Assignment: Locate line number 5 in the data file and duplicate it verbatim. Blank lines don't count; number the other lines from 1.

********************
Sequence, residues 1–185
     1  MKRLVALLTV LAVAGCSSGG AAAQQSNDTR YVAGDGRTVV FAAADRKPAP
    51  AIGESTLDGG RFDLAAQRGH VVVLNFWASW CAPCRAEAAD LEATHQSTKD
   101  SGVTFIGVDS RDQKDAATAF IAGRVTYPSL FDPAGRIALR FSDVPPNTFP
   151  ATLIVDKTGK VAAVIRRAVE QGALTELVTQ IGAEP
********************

   151  ATLIVDKTGK VAAVIRRAVE QGALTELVTQ IGAEP